Kate Douglass is America’s top 200 breaststroker at the moment. She sealed that with silver in Fukuoka, trailing only reigning Olympic champion Tatjana Schoenmaker of South Africa. Lilly King, the five-time Olympic medalist, finished fourth and openly (if half-jokingly) cast doubt on which distance is most comfortable for her at the moment.

Kate Douglass is Team USA’s most reliable relay swimmer. While it’s not time to anoint her a latter-day Jason Lezak yet, she was the team’s steadiest hand at Worlds. She anchored the women’s 400 free relay to silver (with the third-fastest leg among non-Australians), the mixed 400 free to silver, the mixed 400 medley to bronze and the women’s medley relay to gold. In the mixed medley, she uncorked a split of 51.79. In the women’s medley relay, she held off the charge of the world record holder, Mollie O’Callaghan, for gold.

“It’s definitely been interesting being the anchor on all the relays this week,” Douglass said in Japan. “But it’s been a lot of fun. I think being the anchor definitely motivates me, and I’ve had some really great splits so far this week. It’s been fun having Team USA rely on me for that spot.”

Add it up, and you get six medals: two gold, three silver and one bronze. You also get the swimmer who, outside of Katie Ledecky, looks at this distance from Paris to be the U.S. women’s best chance to collect gold medals at the next Olympics.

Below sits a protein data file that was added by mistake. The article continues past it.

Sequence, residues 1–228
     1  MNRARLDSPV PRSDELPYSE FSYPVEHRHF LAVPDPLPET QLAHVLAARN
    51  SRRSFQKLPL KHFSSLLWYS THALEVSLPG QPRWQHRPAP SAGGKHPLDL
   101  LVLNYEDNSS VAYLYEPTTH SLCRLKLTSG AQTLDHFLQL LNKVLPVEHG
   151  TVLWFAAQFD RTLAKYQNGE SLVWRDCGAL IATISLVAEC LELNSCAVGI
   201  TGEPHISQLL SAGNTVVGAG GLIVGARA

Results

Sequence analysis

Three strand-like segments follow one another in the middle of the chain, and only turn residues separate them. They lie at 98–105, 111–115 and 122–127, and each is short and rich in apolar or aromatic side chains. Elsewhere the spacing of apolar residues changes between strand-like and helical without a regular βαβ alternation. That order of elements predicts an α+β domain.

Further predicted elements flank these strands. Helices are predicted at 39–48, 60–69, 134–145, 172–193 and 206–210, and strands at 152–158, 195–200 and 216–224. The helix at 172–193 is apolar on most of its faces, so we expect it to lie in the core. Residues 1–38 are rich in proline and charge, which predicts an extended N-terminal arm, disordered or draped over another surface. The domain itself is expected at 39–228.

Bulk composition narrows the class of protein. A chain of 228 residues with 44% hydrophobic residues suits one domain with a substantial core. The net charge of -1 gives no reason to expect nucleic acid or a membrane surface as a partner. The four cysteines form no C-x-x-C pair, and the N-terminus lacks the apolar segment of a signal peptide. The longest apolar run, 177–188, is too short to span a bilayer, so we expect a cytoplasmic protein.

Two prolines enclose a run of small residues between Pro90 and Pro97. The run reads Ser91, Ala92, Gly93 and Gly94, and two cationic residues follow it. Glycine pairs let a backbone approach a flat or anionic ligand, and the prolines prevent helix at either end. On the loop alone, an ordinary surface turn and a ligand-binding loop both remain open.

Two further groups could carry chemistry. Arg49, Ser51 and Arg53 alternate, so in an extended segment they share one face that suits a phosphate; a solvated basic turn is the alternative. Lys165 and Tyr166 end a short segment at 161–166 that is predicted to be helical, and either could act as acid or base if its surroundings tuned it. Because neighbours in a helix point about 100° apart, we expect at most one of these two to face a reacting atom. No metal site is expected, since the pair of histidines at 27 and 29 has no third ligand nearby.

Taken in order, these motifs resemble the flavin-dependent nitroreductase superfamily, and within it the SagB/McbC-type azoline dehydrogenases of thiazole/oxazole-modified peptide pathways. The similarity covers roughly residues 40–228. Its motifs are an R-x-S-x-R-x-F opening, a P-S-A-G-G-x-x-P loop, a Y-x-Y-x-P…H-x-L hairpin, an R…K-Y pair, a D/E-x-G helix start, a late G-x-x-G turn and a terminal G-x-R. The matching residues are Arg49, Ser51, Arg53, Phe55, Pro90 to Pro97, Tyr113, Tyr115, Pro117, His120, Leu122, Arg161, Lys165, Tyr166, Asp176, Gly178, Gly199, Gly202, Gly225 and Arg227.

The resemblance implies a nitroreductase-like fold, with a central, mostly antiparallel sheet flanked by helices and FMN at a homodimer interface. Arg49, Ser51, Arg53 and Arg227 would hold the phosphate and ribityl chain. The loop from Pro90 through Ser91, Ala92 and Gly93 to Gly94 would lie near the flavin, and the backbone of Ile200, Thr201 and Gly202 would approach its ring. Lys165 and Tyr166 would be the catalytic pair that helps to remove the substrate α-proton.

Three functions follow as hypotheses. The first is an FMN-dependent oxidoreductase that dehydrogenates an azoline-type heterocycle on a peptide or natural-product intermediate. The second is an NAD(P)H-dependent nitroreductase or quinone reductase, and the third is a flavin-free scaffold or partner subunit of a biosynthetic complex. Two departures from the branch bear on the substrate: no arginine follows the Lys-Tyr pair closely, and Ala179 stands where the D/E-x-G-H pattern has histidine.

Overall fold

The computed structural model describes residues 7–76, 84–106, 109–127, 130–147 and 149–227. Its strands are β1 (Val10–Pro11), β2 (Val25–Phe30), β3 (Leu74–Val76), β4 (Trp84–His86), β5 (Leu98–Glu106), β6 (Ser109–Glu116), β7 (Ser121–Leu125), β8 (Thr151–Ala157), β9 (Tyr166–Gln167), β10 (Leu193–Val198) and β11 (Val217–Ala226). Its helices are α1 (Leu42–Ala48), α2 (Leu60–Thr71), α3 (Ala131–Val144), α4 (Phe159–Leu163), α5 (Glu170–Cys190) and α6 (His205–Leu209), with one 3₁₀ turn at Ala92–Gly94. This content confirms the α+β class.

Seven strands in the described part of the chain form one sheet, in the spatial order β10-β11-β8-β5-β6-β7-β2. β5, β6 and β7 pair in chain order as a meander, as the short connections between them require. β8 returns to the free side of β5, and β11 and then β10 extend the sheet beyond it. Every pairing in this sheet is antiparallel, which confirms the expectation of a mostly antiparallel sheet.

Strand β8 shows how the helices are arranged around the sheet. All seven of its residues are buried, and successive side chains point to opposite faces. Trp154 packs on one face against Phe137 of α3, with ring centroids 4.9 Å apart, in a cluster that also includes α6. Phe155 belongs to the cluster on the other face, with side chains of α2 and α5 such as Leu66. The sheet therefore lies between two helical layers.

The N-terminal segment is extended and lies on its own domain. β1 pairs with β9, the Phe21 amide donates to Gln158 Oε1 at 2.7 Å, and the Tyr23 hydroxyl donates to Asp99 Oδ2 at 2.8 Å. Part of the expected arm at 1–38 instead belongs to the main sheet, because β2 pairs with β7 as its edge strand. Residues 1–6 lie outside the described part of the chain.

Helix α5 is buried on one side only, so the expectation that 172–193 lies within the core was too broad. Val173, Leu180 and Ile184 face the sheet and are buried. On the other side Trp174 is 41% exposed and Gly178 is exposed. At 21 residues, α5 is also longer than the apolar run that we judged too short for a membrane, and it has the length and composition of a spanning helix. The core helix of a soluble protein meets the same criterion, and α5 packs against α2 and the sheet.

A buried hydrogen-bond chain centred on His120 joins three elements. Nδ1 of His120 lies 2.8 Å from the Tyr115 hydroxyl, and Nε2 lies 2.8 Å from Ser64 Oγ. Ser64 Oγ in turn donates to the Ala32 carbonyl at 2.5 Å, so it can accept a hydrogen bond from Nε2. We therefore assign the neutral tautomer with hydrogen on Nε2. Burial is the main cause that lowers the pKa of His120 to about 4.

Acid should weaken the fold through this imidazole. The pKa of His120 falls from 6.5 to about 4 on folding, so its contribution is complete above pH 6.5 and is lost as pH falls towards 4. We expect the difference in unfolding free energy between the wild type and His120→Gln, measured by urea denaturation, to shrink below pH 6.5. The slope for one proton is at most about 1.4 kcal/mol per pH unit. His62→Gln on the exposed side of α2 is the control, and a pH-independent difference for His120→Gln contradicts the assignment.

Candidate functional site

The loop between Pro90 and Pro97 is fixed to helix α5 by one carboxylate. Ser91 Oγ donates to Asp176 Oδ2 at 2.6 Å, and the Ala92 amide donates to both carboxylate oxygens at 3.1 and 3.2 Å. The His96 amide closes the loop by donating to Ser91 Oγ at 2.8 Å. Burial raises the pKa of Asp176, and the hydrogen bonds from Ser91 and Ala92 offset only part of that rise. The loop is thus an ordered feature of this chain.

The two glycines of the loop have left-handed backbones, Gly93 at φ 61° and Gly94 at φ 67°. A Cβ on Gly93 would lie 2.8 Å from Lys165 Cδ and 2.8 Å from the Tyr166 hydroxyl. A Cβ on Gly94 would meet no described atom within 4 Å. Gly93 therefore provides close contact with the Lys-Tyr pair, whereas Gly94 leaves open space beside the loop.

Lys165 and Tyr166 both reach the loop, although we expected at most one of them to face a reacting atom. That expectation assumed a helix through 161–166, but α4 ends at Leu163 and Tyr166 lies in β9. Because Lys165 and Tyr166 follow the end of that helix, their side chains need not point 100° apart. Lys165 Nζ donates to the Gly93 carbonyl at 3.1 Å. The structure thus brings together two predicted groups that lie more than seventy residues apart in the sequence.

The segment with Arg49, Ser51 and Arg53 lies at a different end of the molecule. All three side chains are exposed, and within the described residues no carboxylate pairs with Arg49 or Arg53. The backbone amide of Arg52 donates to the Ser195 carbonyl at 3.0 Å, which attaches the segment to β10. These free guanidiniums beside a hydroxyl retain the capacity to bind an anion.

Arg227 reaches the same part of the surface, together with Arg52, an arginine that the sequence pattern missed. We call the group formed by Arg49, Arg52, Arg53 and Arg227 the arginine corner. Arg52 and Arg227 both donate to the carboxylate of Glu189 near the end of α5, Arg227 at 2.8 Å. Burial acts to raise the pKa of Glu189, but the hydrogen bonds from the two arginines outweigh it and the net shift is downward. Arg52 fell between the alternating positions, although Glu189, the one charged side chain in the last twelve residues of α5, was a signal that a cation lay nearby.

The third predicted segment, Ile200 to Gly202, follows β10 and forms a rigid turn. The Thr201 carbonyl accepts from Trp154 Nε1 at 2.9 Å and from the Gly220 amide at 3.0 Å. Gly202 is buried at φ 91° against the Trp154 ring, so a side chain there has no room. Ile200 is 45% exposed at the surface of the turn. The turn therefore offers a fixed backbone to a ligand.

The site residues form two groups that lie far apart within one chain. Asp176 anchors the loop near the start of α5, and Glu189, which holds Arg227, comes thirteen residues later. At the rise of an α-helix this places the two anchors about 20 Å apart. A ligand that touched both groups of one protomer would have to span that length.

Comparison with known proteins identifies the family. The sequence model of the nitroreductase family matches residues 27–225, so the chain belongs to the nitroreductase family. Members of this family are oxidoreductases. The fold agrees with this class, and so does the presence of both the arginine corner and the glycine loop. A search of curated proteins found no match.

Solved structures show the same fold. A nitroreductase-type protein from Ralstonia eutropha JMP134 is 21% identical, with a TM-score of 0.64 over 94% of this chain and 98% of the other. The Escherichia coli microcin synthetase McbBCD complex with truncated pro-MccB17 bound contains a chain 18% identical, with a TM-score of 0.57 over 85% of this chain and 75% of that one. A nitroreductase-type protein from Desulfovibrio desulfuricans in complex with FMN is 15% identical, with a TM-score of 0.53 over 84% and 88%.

Like many Americans, getting to Paris may be the hardest part for Douglass. The last two summers, the native of Pelham, N.Y., has been fairly judicious in picking her program.


Photo Courtesy: Peter H. Bick

The 200 breast seems a lock for her Olympic Trials lineup in Indianapolis. The 200 IM would seem to be as well until you realize that she skipped out on it at International Team Trials in 2022 (the runner-up there, Leah Hayes, went and won a bronze medal at Worlds in Budapest). It’s an event where she has relentlessly improved: She went 2:09.04 at the Olympics, then 2:07.17 in Fukuoka. The piecemeal improvement plan on each stroke in her training with Todd DeSorbo in Charlottsville seems uniquely positioned to generate time drops in the IM.

“I feel like I’ve gotten more confident in that race, especially this year,” Douglass said. “My backstroke leg has gotten a lot better, and my freestyle leg at the end has also really improved.”

The 100 free, with its relay possibilities, is also a cornerstone, even more so now that she’s grown from relay regular to medal contender.

“I think this meet gave me a lot of confidence in my 100 free,” Douglass said. “It gave me a lot of excitement going forward. I want to take on that role in the future. I think that is motivation for next year.”

* * *

From there, Douglass has some freedom. She’s continued to take aim at the 100 butterfly, as difficult a task though that may be. With Torri Huske having a down Worlds by her standards and Claire Curzan missing out at Trials due to illness, the pathway might seem more open. The possibility of ripping a 50 free remains on her program, and the goal of an all-UVA pairing in both of those events with Gretchen Walsh à la Douglass and Alex Walsh in the 200 IM probably provides a little extra motivation.

No one is immune to the rigors of doubles. But Douglass—and her 14 NCAA titles in the last two years—seems about as close to it as one can be. And she’s reached a status internationally where it seems unwise to doubt her.